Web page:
03/21/2013 14:47

            A February 27 press release announces that USDA is surveying US farmers about their planting intentions. We all might do well to pause and think about what goes into planting intentions.

            When we look out at the snow still on the ground and our recent snowfalls and hear reports of record snowfalls in the Midwest, we hope that it means that farmers and gardeners alike can count on relief from the drought of previous years. Maybe not! “The snow may help ease the drought some, but it’s unlikely to have a big impact because it’s sitting largely on frozen ground, especially in the upper Plains. As snow on the surface melts, the water is likely to run off into rivers and streams instead of soaking into the rock-hard ground,” reports Peggy Lowe in article entitled “Snow is No Drought Buster”, http://harvestpublicmedia.org.

            “That’s good news for those who depend on the many rivers and lakes that are near historic lows because of the drought,” continues Lowe reporting information from the National Drought Mitigation Center in Lincoln Nebraska. “But it does little to help farmers who need the moisture to soak into the soil so that they can grow plants.”

            The reality is that even if all the snow melted into the ground, it wouldn’t break the drought. A foot of snow equals roughly an inch of rain – often less, and some Midwest areas are many inches short of precipitation with dry soils many feet in depth.

            Always the farmer must plan with uncertainty about the growing season including soil moisture, what tillage practices to use, what crops to plant, what seed to use, what nutrients need to be added to the soil, how early will conditions be right for planting, will rains come at the right time, what conditions will affect harvest, and what will be the market at harvest time. A big upfront investment in seed, soil amendments, and equipment costs is required. And the farmer depends on getting it right in order to make a living.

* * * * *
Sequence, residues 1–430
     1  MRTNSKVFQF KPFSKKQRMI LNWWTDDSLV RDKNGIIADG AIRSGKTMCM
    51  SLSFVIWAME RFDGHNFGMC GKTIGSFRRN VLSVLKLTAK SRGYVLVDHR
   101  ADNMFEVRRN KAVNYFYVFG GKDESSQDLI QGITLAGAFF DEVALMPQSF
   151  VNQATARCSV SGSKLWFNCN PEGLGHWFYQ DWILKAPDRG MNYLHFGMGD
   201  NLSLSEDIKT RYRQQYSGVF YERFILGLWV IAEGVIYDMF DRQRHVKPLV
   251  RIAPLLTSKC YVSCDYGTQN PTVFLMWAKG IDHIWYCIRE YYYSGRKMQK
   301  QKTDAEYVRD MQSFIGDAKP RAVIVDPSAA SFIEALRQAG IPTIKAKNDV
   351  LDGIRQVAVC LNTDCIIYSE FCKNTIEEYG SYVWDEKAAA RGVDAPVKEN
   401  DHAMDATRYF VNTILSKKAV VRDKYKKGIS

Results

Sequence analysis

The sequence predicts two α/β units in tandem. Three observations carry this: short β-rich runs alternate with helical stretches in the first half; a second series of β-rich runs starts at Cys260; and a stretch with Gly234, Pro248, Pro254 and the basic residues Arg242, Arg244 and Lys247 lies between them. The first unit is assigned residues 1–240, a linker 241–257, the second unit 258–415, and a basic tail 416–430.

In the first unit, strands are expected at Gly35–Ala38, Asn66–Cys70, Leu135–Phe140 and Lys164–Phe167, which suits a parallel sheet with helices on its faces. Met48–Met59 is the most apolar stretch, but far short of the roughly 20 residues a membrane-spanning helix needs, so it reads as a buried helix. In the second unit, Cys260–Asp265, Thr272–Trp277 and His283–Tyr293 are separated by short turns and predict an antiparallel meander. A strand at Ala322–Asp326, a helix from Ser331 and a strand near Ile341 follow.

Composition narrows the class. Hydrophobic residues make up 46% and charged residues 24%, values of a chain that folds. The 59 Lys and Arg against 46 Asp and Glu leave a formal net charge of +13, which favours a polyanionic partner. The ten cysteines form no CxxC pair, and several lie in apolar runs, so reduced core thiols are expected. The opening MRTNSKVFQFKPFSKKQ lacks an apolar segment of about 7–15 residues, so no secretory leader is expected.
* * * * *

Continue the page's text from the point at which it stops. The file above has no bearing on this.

Good conservation practices are important to landowners /producers because good soil and an adequate supply of water are essentials – and we depend on users of the land to preserve these essentials for the rest of us. With the backing of much research and experience, farmers choose tillage practices to suit individual circumstances taking advantage of technical assistance from NRCS/SWCD. But every new practice attempted has to prove itself and it often takes more than one growing season.

            Looking ahead to spring and a new growing season, we all need to do what we can to protect soil and water, support the efforts of farmers and gardeners who apply conservation practices, and respect the people who contribute to our agricultural economy.


Della Moen, Earth Team Volunteer, NRCS/Stephenson Soil and Water Conservation District, an equal opportunity provider and employer, 022713 (for publication on 030213 in the Journal-Standard, Freeport, Illinois). Della can be reached at info@stephensonswcd.org